The visuals are entertaining and we get a new world to explore in the Quantum Realm but overall the film feels like empty calories that will fill you up temporarily but in the end leave you wanting an hour later.

Overall Rating: 6.95

Movie Review: Ant-Man and the Wasp

ant-man-and-the-wasp-posterThis is the palate cleanser we needed after the heaviness of Avengers: Infinity War, and like the first Ant-Man, guaranteed to leave you smiling ear to ear. However, as a film, and grading on the curve of what we expect from recent MCU movies, it falls a bit short of the recent genius of Black Panther or Thor: Ragnarok. 

But is that really fair? Do we judge the sorbet, pickled ginger, or simple fruit compared to the course before it? If you eat some apple slices after a particularly hearty main course, shouldn’t you just compare it to other apples? Ant-Man and the Wasp is a particularly good apple, even if it’s a lesser part of the feast of the MCU.

Our story centers back on Scott Lang (Paul Rudd) who, after the events of Captain America: Civil War, finds himself in the last few days of a two-year house arrest, during which time he has had no contact with Hope Van Dyne (Evangeline Lilly) or Hank Pym (Michael Douglas). They are reunited after he has a vision of Janet (Michelle Pfieffer) whom Hank and Hope have been trying to rescue from the quantum realm, avoiding detection by the authorities with a truly “mobile” lab they can shrink to a rolling suitcase.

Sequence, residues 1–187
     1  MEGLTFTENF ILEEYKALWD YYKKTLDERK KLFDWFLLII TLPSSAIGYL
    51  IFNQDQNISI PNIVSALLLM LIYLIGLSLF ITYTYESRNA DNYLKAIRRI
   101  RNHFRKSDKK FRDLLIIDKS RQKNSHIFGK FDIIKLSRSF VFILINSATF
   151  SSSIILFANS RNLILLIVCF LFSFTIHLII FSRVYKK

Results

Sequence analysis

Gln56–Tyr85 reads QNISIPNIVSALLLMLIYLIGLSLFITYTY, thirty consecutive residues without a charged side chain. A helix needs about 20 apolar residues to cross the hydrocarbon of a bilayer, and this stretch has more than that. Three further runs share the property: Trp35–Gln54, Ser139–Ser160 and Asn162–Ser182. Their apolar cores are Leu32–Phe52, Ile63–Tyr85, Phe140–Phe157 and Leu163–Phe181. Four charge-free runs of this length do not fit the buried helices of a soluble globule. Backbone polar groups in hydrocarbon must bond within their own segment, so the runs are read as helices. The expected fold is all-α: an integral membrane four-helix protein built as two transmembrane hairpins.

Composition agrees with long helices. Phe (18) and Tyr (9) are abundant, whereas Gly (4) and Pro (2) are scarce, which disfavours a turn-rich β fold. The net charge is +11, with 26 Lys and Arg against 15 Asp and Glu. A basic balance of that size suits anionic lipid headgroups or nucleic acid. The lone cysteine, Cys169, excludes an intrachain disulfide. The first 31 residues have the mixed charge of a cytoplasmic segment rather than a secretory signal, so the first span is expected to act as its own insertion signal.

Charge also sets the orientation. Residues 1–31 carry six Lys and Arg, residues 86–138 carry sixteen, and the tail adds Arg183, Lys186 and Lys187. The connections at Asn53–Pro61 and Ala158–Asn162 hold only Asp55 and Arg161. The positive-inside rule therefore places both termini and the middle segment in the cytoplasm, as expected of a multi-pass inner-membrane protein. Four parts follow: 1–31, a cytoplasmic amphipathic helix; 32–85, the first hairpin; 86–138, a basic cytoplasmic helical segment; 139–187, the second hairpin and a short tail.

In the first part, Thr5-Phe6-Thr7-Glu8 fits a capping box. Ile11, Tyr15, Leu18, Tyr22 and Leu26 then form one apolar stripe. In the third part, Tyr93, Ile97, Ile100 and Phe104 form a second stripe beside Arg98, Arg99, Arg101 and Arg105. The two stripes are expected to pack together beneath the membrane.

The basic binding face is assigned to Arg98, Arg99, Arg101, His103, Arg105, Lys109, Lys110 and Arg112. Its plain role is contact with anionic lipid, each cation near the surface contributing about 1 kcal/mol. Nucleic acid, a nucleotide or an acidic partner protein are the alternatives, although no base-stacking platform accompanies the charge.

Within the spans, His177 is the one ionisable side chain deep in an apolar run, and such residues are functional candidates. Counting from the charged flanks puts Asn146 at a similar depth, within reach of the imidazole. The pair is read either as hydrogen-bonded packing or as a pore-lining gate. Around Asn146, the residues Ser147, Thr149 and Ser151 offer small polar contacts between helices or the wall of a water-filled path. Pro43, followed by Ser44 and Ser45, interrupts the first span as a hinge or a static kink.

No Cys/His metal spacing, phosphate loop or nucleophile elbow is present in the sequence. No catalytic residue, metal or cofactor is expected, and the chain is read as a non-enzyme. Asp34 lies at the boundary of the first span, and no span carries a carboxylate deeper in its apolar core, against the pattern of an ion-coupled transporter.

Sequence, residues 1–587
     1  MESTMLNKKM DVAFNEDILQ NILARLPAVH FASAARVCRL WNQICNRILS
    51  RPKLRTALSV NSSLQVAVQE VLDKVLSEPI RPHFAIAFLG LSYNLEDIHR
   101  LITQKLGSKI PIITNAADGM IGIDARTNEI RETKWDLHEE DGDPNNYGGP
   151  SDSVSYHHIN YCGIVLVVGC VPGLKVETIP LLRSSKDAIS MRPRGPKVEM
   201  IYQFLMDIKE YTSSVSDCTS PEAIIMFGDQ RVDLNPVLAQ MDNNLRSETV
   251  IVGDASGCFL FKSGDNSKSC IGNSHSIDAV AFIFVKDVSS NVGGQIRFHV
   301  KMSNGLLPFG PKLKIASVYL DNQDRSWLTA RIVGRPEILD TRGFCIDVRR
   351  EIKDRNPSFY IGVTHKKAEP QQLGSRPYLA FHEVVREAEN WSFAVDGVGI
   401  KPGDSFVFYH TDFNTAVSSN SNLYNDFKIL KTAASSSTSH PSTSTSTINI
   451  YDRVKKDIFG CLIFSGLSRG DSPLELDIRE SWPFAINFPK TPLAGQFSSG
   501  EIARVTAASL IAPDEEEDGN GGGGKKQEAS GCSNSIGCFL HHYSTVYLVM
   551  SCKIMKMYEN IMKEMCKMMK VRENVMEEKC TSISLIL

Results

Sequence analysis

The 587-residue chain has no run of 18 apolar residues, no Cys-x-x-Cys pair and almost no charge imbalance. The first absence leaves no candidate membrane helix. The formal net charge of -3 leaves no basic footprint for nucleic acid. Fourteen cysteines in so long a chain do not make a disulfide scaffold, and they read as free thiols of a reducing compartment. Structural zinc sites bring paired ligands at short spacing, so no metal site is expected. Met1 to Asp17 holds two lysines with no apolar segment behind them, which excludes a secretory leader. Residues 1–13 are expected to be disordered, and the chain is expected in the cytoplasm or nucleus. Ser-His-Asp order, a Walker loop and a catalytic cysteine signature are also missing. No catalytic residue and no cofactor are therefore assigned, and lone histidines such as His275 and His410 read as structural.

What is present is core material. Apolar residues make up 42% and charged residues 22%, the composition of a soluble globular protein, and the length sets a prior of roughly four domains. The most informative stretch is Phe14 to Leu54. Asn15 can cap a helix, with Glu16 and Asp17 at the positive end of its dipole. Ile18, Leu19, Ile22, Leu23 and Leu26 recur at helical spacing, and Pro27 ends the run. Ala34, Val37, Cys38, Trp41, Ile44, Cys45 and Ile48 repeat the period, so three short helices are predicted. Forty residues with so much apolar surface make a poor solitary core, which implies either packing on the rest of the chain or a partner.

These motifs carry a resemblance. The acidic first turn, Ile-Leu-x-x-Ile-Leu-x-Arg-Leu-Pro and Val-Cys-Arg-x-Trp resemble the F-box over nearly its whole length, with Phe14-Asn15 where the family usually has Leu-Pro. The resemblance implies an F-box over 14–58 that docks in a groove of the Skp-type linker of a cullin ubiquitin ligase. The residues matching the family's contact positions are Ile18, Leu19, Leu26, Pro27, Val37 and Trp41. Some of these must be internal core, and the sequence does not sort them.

Unfortunately, their activities have also attracted the attention of Ghost (Hannah John-Kamen) a former S.H.I.E.L.D. operative, who needs their tech to fix her condition which allows her to phase through solid matter, but is also extremely painful. They’re also being pursued by billionaire Sonny Burch (Walton Goggins) and FBI Agent Woo (Randall Park) and aided by Scott’s friends from the previous movie, led by Michael Pena. And we get a glimpse into Hank Pym’s past with the introduction of Dr. Bill Foster (Lawrence Fishburne) who previously used Pym’s technology to grow larger and become “Goliath.”

It’s a lot of characters. And most of the movie ends up being a giant game of keep-away with the lab/suitcase while our stars tell jokes and superhero wackiness ensues. While the first Ant-Man played like a generic heist film, this is more reminiscent of the specific sub-genre of a 60’s caper film which was as much about the romantic chemistry of the two leads as its plot.

Full of sight gags and visuals of little things turning big and vice versa, the film plays with its main conceit of being able to shrink and grow at will, sometimes almost to a fault. It also uses its setting of San Francisco to great effect. The film also depends on the audience being willing to accept a lot of super convenient plot turns to keep everything moving, including the biggest deus ex machina of the entire MCU to resolve its central conflict.

One of the biggest impressions we’re left with from this film is “women do it better.” Hope Van Dyne’s Wasp is infinitely better at her job than Scott is at being Ant-Man, and Ghost as an antagonist is infinitely better than Corey Stoll’s super-weak Yellowjacket in the last Ant-Man film.

The other important thing here [possible spoiler alert?] is the idea that this film exists without a singular villain, continuing Marvel’s recent spate of complex villains with an actual beef and moral weight to their arguments. While Ghost is certainly the antagonist, she is a person acting out of severe pain from her “powers” and more akin to a terminal patient looking to do anything to get palliative medical care. And Goggins, while always fun to watch in a villain role, really doesn’t do enough to qualify as a “villain” in the true sense– other than just being a greedy capitalist.